Magazine article Newsweek International

End of the Road; the Real Threat to Travel Is That Our Sense of Wonder Will Vanish along with All the Exotic Destinations

Magazine article Newsweek International

End of the Road; the Real Threat to Travel Is That Our Sense of Wonder Will Vanish along with All the Exotic Destinations

Article excerpt

Byline: Marcel Theroux

Far is not so far anymore. When I took my first long trip to India in 1986, I didn't speak to my parents for five months because the phone lines were so bad. I collected my mail at the Poste Restante counter each time I arrived in a new town, and wrote home on crinkly airmail paper to save postage.

At 37, I am not yet old--but these details already belong to a very old-fashioned world. E-mail and Internet cafes have made the letter home seem as quaint as sealing wax. And if a young traveler went five months without calling nowadays you would assume the worst.

Stealthily, the world is converging, thanks to cheap flights and computers, cable television, mobile-phone networks and the spread of commercial franchises that have put Irish pubs and pizzerias in cities as far apart as Baku and Tegucigalpa. And yet, the purpose of travel remains the same--to encounter the unfamiliar, to get Elsewhere. It's a place of enchantment and transformation which can be arduous to reach, but which promises to enrich your understanding of the world, and reflect your own life back at you. Prospero's island in Shakespeare's play "The Tempest" is the epitome of Elsewhere. No one went there to get a suntan, and there's tension between the locals and the outsiders, but almost everyone went home a little altered.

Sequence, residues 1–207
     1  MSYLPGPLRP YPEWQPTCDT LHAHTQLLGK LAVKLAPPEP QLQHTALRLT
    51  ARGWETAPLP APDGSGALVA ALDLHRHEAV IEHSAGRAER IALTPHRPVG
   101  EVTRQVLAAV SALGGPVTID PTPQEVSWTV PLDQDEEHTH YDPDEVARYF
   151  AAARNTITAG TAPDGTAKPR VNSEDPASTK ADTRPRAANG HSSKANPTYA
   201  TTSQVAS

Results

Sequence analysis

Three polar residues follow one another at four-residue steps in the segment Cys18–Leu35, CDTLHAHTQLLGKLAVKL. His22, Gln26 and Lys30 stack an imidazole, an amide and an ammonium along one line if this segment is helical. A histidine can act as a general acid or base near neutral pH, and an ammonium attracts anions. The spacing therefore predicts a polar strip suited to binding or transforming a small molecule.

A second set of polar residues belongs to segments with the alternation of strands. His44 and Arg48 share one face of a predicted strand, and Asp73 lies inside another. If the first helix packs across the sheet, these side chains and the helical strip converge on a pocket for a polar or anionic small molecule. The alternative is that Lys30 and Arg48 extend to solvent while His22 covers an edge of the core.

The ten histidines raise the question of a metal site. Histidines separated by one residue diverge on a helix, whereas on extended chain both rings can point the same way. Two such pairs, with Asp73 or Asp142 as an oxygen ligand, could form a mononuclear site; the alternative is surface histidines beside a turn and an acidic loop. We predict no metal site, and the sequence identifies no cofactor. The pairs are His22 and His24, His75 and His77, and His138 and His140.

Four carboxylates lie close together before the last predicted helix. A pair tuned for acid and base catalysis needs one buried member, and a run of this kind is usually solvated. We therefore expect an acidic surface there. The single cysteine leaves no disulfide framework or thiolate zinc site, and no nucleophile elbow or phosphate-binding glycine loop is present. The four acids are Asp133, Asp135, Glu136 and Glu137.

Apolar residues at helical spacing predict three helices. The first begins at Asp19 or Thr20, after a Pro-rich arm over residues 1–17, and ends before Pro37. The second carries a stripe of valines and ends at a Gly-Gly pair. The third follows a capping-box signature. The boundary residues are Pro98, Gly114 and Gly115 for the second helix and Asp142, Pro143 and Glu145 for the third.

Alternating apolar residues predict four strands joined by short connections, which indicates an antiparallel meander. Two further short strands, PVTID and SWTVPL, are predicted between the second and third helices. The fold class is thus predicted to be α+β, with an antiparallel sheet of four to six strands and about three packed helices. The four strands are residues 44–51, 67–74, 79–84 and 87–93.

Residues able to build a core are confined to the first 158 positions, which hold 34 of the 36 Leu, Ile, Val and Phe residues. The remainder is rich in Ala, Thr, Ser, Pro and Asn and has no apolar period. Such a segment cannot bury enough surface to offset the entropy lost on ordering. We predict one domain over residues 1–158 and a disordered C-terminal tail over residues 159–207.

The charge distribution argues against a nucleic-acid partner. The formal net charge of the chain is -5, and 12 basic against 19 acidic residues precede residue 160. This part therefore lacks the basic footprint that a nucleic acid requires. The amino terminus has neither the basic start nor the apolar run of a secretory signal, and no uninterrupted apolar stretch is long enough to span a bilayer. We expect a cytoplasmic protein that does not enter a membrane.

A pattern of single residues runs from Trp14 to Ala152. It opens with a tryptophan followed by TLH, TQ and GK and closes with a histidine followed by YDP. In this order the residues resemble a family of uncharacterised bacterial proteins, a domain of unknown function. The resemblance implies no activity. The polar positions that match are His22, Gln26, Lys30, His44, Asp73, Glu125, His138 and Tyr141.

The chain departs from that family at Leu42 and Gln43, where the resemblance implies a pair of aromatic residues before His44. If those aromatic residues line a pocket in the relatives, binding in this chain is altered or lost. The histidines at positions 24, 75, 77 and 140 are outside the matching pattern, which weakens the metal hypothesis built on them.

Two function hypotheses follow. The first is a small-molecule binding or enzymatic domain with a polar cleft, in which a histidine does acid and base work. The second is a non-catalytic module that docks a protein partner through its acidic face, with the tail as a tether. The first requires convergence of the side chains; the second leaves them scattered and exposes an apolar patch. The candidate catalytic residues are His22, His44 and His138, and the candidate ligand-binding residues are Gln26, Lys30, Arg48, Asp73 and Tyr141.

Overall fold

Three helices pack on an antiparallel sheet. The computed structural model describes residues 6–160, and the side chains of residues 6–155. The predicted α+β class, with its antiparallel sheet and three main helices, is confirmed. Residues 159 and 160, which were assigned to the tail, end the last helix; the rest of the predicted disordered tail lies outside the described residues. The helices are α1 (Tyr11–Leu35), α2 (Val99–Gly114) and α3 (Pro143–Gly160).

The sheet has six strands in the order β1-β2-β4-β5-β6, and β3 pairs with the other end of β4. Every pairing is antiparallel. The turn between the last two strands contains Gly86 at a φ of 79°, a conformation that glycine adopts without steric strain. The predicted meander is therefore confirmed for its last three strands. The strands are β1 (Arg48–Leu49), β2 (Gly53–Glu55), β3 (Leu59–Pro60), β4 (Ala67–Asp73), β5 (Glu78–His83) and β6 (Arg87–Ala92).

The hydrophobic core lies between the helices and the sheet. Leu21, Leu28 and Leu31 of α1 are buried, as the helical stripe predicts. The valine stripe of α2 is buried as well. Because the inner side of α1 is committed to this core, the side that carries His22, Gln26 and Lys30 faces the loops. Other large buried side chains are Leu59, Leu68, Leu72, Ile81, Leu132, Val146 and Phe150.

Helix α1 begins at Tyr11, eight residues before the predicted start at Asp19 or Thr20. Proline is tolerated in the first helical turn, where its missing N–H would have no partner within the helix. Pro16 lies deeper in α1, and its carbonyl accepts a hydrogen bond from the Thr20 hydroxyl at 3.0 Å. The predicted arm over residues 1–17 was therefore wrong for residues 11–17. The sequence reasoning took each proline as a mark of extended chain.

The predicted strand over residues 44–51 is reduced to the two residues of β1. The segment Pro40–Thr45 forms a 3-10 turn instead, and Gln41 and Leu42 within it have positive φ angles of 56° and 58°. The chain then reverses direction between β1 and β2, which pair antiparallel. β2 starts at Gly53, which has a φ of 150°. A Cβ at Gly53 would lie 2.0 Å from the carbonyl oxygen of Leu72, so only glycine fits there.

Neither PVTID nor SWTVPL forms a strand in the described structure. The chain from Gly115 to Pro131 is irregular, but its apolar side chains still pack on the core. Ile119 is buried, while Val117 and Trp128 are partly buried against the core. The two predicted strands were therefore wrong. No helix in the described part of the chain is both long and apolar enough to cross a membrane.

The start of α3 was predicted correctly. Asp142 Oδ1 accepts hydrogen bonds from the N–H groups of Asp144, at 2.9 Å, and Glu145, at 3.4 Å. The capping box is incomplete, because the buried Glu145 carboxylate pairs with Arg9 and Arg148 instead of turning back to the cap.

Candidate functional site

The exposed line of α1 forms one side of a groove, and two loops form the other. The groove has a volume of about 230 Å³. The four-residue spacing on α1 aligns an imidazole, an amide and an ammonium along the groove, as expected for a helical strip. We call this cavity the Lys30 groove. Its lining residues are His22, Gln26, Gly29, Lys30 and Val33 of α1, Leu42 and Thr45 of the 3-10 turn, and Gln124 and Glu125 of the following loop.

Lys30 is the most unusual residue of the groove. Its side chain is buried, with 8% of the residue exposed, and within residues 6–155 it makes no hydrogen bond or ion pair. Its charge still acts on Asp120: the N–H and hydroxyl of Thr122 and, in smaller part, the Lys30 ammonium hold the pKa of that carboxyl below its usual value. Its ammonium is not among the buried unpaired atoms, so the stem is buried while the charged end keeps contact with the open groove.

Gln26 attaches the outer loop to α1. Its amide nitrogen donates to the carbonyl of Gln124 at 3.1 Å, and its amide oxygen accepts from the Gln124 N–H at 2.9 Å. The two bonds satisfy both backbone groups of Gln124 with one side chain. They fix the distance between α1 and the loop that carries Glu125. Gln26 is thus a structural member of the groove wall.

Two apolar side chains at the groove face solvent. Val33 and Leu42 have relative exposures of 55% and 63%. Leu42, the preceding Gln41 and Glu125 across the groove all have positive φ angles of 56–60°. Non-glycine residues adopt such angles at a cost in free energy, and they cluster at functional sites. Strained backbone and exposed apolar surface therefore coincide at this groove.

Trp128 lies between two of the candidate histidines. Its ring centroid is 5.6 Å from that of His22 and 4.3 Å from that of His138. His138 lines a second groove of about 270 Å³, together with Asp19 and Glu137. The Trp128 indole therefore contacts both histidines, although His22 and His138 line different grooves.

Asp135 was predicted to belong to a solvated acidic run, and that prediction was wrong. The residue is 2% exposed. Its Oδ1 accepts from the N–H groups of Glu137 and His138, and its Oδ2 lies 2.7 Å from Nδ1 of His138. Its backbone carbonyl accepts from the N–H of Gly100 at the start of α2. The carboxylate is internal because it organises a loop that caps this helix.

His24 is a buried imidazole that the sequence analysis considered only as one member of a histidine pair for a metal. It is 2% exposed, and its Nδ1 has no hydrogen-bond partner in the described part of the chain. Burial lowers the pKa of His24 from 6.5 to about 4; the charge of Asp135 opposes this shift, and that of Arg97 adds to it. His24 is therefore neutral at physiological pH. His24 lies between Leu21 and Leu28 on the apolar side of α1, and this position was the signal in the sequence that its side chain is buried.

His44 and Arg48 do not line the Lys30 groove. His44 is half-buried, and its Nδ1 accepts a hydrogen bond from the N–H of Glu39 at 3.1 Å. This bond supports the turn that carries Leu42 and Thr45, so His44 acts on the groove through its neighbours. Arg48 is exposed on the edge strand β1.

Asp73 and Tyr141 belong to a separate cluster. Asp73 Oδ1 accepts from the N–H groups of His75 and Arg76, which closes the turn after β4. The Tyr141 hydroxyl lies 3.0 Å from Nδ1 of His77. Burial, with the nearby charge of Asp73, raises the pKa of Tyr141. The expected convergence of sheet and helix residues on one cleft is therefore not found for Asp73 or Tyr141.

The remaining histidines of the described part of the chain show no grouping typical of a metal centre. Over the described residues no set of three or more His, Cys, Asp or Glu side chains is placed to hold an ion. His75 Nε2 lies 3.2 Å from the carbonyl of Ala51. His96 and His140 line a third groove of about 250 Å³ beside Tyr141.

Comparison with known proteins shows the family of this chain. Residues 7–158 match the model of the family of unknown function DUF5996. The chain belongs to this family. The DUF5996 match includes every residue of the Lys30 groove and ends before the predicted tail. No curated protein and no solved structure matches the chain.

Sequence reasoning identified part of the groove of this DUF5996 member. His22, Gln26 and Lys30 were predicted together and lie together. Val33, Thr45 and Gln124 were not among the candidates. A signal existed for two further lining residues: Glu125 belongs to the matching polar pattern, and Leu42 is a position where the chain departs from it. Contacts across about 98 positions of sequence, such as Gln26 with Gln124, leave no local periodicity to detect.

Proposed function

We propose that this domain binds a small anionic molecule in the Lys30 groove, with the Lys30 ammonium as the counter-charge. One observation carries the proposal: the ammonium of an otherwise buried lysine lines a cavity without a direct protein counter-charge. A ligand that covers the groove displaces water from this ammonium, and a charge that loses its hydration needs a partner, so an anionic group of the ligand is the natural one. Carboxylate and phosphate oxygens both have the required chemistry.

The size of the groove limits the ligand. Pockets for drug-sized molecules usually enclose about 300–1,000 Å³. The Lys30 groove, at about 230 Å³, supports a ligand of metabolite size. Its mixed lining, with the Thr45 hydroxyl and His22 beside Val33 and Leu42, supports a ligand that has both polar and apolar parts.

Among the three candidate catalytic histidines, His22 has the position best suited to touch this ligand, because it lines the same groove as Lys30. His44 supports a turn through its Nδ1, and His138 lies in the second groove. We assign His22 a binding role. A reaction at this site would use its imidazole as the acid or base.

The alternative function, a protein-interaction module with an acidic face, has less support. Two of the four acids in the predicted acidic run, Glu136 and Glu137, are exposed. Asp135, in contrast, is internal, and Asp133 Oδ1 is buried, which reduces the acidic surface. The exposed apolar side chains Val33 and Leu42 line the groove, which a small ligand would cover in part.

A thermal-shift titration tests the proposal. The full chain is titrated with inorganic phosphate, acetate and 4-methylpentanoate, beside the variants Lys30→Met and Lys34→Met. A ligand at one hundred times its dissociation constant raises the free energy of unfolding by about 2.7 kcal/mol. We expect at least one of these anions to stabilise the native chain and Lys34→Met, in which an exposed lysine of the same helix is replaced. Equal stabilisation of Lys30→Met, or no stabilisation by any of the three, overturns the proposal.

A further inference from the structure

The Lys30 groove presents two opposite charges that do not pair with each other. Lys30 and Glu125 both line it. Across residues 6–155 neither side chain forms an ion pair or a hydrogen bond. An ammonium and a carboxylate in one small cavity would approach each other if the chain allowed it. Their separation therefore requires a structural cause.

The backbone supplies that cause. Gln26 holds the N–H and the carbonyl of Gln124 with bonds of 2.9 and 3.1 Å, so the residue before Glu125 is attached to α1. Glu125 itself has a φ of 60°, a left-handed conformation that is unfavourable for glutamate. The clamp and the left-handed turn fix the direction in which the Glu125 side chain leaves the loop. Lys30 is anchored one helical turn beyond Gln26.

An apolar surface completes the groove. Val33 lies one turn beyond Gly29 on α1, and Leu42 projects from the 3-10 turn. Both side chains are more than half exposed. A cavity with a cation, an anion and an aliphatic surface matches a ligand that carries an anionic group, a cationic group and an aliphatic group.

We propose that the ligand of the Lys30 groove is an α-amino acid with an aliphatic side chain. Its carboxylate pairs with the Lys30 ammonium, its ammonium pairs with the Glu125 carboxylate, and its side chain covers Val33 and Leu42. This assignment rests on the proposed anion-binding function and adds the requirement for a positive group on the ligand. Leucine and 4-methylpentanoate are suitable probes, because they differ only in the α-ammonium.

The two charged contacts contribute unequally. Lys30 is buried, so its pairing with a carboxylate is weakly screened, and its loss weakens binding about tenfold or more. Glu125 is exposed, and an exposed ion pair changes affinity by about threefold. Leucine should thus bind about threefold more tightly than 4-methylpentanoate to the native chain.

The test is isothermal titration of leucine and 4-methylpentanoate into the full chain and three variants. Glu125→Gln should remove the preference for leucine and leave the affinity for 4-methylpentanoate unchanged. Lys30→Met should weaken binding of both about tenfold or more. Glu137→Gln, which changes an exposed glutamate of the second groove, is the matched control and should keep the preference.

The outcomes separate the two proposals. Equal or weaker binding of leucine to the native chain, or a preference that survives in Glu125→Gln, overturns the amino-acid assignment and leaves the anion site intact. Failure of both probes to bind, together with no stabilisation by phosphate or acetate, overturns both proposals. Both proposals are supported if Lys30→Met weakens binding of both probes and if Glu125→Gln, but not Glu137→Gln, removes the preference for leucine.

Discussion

Throughout history the existence of Elsewhere has been a given. Traditionally, it was very close, rarely more than a day's walk away. But the same global culture that now draws us together also threatens to tame Elsewhere with uniformity. After all, Prospero's island wouldn't seem quite so magical if there were a Club Med on it.

I traveled by biplane through a wilderness of snow in 2002 to visit the Even, a group of reindeer-herding near-nomads in northern Siberia, only to find myself in a wooden hut watching a Hollywood submarine movie with them. …

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